With the authority of the tribal leaders removed and the state reluctant to impose its writ, the Shia and Sunni militant groups have been given a free hand to commit as many atrocities as they please. No one in Kurram believes that the state does not have the capacity to rein in the militant groups.

Almost all Sunnis from Parachinar have been displaced by the Shia militant groups. Why did the army stationed in the area not provide security to the Sunni residents of the city by confronting the Shia attackers with full might? The fact that some Sunnis were linked with the Taliban is no justification for the army to remain silent spectators over the carnage and displacement of the Sunnis, most of whom were innocent civilians. There are more people linked with the Taliban in Lahore. Would that be a reason for the army to silently allow a violent eviction of an entire section of the population from the city?

Instead of harshly dealing with the Sunnis linked with the Taliban, the local state agents have been publicly giving them VIP treatment. For example, during the sectarian clashes in 2007, a military helicopter airlifted the injured Eid Nazar Mangal, leader of the anti-Shia Sipah-e-Sahaba in Kurram to a hospital. No other injured Shia or Sunni was given that facility on the occasion. All the government could do for the assaulted innocent Sunnis was to ‘facilitate’ their forced eviction by providing them transport that dumped them just outside the Shia-dominated area to lick their wounds.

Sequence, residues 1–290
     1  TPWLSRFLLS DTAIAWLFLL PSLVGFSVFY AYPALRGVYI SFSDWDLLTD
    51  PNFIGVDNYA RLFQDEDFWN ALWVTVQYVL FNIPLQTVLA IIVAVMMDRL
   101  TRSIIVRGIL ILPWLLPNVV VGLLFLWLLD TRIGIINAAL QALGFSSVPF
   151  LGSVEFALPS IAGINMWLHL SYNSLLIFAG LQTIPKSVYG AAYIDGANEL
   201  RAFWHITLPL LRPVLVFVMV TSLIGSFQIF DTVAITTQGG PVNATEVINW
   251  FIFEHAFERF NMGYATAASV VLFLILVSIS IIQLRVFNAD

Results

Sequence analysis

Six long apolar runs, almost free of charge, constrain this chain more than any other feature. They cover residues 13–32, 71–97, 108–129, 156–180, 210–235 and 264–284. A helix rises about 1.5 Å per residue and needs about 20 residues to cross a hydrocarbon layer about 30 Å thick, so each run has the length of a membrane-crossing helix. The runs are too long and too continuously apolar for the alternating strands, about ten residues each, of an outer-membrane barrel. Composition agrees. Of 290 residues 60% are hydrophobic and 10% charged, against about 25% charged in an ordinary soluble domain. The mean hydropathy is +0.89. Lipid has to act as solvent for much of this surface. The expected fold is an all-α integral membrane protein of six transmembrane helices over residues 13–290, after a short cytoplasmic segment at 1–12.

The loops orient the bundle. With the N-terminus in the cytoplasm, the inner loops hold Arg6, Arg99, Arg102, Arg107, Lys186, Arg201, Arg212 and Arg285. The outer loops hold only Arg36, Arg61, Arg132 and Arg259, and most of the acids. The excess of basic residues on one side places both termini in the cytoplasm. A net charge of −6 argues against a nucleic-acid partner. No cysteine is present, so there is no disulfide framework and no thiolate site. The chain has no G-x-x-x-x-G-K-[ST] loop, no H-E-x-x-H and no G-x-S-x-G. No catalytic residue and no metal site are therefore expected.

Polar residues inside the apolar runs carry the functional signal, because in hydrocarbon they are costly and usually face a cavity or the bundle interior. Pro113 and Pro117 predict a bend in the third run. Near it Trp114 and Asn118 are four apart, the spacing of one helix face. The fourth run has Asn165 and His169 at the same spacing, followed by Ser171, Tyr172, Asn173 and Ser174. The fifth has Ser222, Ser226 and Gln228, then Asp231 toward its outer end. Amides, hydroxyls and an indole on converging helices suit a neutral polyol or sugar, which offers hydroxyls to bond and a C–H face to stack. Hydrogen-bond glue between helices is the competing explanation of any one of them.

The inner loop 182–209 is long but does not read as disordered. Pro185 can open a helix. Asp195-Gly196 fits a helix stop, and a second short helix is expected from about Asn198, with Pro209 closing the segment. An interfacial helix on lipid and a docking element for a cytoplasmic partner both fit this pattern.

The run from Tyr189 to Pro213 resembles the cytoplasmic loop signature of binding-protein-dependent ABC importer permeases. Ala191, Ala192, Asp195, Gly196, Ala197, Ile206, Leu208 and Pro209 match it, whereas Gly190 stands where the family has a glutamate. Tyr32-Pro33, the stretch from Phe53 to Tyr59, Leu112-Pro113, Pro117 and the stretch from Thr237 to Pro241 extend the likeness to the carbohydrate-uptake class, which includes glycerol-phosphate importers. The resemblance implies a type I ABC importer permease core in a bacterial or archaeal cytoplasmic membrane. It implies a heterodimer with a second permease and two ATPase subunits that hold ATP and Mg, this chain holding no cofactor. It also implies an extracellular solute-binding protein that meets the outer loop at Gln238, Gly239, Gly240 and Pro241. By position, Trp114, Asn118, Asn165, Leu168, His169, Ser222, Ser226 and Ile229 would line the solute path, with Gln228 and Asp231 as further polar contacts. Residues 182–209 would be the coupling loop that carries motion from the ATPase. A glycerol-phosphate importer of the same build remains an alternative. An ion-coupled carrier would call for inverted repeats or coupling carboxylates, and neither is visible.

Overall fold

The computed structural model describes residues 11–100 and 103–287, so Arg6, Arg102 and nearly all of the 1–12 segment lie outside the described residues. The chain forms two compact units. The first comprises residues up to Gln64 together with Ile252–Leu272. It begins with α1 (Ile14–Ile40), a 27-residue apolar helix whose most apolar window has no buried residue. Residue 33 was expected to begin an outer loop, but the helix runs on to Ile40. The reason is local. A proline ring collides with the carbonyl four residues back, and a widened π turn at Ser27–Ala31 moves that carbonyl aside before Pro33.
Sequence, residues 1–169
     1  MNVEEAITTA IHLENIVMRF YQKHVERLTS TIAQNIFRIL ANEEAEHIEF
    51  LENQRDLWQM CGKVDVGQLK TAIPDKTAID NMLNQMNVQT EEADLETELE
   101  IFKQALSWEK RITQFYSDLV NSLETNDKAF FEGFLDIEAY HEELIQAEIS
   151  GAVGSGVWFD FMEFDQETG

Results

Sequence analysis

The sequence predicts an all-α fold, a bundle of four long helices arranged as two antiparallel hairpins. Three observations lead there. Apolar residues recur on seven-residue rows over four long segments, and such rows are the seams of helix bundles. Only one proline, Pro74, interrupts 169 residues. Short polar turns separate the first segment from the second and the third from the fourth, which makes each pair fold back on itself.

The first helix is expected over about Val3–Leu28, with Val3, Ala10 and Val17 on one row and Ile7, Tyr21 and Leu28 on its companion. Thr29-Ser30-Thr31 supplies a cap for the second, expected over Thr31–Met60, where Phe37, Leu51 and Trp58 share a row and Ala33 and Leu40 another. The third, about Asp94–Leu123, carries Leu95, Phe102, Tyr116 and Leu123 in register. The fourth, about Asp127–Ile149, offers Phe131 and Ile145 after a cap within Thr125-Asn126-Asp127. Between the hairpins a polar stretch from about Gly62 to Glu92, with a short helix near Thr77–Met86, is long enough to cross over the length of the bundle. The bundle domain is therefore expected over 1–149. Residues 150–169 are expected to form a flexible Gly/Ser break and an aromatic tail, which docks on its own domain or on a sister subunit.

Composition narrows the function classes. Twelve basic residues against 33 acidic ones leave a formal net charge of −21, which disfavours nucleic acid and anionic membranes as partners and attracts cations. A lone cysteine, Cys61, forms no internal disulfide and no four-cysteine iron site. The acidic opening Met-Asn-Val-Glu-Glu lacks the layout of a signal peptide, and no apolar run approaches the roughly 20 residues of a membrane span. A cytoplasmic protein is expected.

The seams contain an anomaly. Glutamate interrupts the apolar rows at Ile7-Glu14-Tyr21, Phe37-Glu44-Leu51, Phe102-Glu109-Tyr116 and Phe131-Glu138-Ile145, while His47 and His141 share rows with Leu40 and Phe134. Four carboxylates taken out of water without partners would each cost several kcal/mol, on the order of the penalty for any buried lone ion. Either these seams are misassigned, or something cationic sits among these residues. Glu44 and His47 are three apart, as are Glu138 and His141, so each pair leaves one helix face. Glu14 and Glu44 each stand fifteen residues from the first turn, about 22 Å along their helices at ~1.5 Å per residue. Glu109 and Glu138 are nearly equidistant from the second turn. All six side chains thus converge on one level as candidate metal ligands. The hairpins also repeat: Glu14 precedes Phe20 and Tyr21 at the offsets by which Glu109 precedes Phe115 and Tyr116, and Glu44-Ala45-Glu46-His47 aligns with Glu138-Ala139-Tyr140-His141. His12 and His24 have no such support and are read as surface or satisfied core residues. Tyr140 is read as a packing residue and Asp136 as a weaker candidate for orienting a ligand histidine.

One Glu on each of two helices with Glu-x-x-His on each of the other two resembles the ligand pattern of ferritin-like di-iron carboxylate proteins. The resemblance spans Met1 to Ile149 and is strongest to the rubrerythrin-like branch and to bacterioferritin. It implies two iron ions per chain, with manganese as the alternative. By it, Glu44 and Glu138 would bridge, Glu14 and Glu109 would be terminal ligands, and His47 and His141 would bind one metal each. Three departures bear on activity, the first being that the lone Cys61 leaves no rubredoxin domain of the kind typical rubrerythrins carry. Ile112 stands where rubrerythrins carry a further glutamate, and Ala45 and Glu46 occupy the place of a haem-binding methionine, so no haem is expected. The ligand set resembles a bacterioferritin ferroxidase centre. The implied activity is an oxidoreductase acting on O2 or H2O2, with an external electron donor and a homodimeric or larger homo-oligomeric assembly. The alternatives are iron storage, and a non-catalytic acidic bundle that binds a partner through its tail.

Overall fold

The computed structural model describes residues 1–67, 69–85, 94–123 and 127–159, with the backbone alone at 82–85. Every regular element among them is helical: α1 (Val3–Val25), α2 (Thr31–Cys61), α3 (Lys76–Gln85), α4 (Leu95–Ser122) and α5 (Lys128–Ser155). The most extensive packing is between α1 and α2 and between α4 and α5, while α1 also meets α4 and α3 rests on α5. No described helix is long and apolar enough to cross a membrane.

Why did Colonel Tauseef even hold the jirga in which he invited a controversial anti-Shia personality from Kohat? He does not have any legal authority to do so. His move achieved nothing for peace in Kurram but contributed towards a bad tribal perception about his institution. The Sunni tribal leaders now say that Colonel Tauseef’s plan to repatriate the Sunnis was the army’s plan to trap the Parachinar Shias in violence. Without having appropriate security arrangements in place to protect the repatriated Sunnis from aggression by Shia militant gangs, the returned IDPs would be slaughtered by the Shia armed groups. This would provide a pretext to the military to conduct a fake military operation in the name of elimination of the Shia groups, but would actually result in the carnage of innocent Shia families.

The text of the Murree Agreement clearly identifies three parties to the crisis in Kurram — the local Shia, Sunni populations and the government of Pakistan — and, depending on the case, any of the three will be responsible for any violation of the agreement. It is only the government of Pakistan that has failed to fulfill its responsibility under the agreement. Both Shias and Sunnis from Kurram hold the government responsible for non-implementation of the agreement. Rather than implementing the Murree Agreement, the government is holding media circuses, like the jirga in March 2011 as referred to by Mr Ejaz. The jirga was boycotted by an important stakeholder of the Kuram crisis, the Sunni IDPs from Parachinar. There has been more violence in the area against innocent Shias and Sunnis since that jirga.

Due to space constraints, I will not be able to discuss more about Kurram, but I wish to inform that, together with another author, I am writing a report about Kurram, which will elaborate most of the issues touched upon by Mr Ejaz. Therefore, I would request the readers to wait for the report.

The writer is a PhD Research Fellow with the University of Oslo and currently writing a book, Taliban and Anti-Taliban